Advanced Heart Failure Management and Selection for Advanced Therapies

Advanced Heart Failure Management and Selection for Advanced Therapies

Alexander Papolos (Icahn School of Medicine at Mount Sinai, USA), Nishant A. Gandhi (Icahn School of Medicine at Mount Sinai, USA), Elrond Teo (Emory University Hospital, USA) and Raymond Bietry (Icahn School of Medicine at Mount Sinai, USA)
Copyright: © 2015 |Pages: 20
DOI: 10.4018/978-1-4666-8603-8.ch009
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Advancements in the field of heart failure have significantly improved both mortality and the quality of life of millions. However, heart failure generally remains a chronic disease with an insidious progression to organ failure despite optimal medical treatment. Early consideration of advanced therapies such as mechanical circulatory support and cardiac transplantation in advanced heart failure is essential. The purpose of this chapter is to assist the reader in the identification of patients with advanced heart failure that have not yet developed irreversible end-organ dysfunction, as interventions in this narrow therapeutic window results in improved post-surgical outcomes.
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Heart failure is a multifaceted clinical syndrome of impaired cardiac function in which the heart fails to meet the metabolic demands of the body. Today an estimated 5 million Americans are living with heart failure, and current projections estimate this will increase 25% by 2030 (Go et al., 2013). In 2011, heart failure was the second most common reason for hospitalization among Americans aged 65-85 (Pfuntner, Wier, & Stockes, 2013). Not only is heart failure a menace to public health, but in 2013 the economic burden associated with its treatment was approximated to be $32 billion (Go et al., 2013).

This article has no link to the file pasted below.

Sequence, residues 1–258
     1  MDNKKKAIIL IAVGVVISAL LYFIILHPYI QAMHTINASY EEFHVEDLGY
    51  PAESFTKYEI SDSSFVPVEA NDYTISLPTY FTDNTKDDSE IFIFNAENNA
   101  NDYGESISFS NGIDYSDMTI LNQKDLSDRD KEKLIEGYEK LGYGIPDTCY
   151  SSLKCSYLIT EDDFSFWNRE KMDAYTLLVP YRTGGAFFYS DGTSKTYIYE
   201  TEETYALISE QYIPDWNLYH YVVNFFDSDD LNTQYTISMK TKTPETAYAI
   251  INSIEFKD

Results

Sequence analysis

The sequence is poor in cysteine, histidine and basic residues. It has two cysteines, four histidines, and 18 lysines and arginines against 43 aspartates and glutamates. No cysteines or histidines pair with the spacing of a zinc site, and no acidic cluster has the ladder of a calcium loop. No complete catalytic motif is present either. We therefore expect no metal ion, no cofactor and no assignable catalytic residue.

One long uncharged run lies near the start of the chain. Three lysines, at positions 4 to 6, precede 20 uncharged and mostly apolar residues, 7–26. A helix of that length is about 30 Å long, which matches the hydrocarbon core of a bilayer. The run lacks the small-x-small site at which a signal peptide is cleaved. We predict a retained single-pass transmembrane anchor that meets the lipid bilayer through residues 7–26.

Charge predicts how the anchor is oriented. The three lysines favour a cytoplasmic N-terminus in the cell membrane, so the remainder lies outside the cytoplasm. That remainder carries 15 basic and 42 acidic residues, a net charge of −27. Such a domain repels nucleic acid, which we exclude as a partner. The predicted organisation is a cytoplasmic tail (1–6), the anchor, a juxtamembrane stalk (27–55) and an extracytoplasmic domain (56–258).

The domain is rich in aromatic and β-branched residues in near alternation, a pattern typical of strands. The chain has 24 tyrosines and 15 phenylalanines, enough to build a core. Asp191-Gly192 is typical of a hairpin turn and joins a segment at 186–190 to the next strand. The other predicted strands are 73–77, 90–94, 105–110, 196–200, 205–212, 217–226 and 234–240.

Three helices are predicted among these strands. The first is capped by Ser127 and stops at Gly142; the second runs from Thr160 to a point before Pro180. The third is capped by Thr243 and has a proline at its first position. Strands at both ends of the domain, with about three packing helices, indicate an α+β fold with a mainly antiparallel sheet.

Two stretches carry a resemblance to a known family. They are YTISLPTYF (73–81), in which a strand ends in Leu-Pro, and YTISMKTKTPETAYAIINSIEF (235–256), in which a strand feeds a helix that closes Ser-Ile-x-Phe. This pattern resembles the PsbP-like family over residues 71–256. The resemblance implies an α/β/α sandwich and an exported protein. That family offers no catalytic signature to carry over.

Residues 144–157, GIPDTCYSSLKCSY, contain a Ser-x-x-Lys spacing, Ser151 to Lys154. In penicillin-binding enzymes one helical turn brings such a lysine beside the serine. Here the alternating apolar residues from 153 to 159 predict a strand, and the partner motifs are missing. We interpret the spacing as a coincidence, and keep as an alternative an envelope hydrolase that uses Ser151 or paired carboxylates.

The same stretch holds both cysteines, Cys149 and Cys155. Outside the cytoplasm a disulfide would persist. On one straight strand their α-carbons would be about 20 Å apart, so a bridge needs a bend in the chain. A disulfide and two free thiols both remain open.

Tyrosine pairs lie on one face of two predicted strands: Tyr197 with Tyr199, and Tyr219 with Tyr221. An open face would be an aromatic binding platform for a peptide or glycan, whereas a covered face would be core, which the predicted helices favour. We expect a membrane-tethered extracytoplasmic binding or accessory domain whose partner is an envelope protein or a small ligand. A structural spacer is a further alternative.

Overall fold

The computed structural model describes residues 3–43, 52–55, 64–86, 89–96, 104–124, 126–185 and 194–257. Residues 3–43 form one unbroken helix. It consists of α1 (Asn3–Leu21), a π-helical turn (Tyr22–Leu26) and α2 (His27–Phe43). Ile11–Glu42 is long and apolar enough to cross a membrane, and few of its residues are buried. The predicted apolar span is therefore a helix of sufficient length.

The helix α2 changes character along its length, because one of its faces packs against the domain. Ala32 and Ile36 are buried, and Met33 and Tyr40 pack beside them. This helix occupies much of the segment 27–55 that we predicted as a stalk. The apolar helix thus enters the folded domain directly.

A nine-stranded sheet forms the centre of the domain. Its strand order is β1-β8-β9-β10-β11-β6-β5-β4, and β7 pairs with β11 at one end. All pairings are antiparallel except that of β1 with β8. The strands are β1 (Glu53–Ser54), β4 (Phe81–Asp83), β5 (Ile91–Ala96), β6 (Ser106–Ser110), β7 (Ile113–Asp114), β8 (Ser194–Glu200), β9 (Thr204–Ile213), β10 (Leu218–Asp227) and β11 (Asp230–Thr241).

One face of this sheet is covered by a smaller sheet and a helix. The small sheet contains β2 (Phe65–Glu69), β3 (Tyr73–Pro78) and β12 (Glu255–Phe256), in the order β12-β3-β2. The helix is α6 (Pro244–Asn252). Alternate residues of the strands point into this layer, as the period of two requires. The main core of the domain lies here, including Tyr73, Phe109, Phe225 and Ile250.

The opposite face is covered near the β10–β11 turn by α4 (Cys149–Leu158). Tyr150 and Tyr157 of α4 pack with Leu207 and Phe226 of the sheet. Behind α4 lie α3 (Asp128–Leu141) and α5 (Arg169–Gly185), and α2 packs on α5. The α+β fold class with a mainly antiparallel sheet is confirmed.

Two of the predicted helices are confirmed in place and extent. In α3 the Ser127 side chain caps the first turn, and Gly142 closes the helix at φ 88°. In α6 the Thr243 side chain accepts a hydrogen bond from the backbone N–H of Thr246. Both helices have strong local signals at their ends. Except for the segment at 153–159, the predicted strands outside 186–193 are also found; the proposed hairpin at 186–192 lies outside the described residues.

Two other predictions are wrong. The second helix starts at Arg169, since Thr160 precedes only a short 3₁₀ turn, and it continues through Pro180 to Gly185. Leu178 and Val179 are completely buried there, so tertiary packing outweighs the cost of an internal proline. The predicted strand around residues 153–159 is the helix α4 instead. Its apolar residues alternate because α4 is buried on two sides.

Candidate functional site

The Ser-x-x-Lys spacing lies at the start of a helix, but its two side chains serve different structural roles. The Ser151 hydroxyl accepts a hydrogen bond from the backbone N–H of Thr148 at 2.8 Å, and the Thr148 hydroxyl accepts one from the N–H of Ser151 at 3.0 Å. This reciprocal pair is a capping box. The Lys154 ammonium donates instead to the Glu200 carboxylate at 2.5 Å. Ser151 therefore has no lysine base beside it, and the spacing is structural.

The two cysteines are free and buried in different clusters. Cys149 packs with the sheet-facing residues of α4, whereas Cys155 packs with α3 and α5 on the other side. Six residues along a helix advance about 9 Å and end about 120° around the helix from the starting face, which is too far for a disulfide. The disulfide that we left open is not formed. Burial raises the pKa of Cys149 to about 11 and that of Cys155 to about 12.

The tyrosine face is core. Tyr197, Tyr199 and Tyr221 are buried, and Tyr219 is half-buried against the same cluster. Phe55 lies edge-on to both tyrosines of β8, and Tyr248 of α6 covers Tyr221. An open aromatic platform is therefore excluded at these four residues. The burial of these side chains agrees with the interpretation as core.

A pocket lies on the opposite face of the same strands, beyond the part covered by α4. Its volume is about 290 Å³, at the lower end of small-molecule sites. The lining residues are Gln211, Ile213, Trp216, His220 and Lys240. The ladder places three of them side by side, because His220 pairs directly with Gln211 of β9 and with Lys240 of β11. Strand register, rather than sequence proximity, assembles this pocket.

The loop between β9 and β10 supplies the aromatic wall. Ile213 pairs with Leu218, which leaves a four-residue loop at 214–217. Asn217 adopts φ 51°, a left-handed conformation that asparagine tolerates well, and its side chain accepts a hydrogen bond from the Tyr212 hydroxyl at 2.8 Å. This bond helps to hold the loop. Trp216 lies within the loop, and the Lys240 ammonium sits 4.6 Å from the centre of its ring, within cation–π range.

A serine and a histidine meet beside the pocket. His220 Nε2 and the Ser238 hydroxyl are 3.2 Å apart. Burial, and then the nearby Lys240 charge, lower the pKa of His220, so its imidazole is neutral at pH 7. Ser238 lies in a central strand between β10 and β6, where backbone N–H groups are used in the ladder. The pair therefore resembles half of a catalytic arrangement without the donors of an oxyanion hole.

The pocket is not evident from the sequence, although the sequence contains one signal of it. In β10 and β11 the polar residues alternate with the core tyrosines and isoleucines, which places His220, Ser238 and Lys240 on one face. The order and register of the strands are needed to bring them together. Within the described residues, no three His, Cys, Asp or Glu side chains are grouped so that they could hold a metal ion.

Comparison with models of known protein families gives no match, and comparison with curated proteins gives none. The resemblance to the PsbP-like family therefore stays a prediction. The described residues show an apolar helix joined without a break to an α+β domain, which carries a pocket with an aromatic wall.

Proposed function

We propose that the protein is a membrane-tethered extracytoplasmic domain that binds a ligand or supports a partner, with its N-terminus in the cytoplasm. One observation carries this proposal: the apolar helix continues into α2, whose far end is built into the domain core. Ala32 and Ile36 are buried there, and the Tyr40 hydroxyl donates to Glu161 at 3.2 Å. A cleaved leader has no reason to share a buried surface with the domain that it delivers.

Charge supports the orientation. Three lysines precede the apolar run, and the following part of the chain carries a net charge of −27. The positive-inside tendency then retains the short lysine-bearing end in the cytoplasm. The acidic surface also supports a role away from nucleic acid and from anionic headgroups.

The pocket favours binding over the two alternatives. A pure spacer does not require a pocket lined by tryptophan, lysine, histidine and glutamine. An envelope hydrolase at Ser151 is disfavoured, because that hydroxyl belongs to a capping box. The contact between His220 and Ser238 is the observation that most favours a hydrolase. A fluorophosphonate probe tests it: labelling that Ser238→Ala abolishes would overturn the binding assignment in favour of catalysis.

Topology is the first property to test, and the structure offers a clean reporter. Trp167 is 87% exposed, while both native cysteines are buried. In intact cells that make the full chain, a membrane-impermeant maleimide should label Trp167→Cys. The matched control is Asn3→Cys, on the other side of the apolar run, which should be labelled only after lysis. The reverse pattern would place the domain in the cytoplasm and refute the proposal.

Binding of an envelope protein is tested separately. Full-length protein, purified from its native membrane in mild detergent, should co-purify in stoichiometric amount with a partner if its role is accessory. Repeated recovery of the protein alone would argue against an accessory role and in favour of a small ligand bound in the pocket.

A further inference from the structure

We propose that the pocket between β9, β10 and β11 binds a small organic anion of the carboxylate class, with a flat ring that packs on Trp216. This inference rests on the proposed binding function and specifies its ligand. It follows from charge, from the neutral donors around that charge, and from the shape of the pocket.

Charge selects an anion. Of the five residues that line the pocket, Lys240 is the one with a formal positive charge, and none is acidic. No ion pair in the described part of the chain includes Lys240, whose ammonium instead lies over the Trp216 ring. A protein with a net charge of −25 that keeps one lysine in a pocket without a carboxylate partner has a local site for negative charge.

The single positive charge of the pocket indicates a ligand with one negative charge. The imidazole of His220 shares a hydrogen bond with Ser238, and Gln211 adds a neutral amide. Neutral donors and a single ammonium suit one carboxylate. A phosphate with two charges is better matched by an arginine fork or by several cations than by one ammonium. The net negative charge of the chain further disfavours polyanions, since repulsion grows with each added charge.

Large randomized controlled trials have provided a robust armament of pharmacological and electrophysiological therapies to improve both mortality and quality of life. Unfortunately, events such as life threatening arrhythmias, clinical decompensation, and progressive end-organ damage remain common among patients with heart failure. Thus, early consideration of mechanical circulatory support and cardiac transplant must be made in patients at increased risk of morbidity and mortality despite adequate medical therapy.


  • 1.

    Understand guideline directed therapy for heart failure.

  • 2.

    Identify the patient refractory to medical therapy.

  • 3.

    Understand the role of pre-surgical optimization prior to surgery for advanced therapies.

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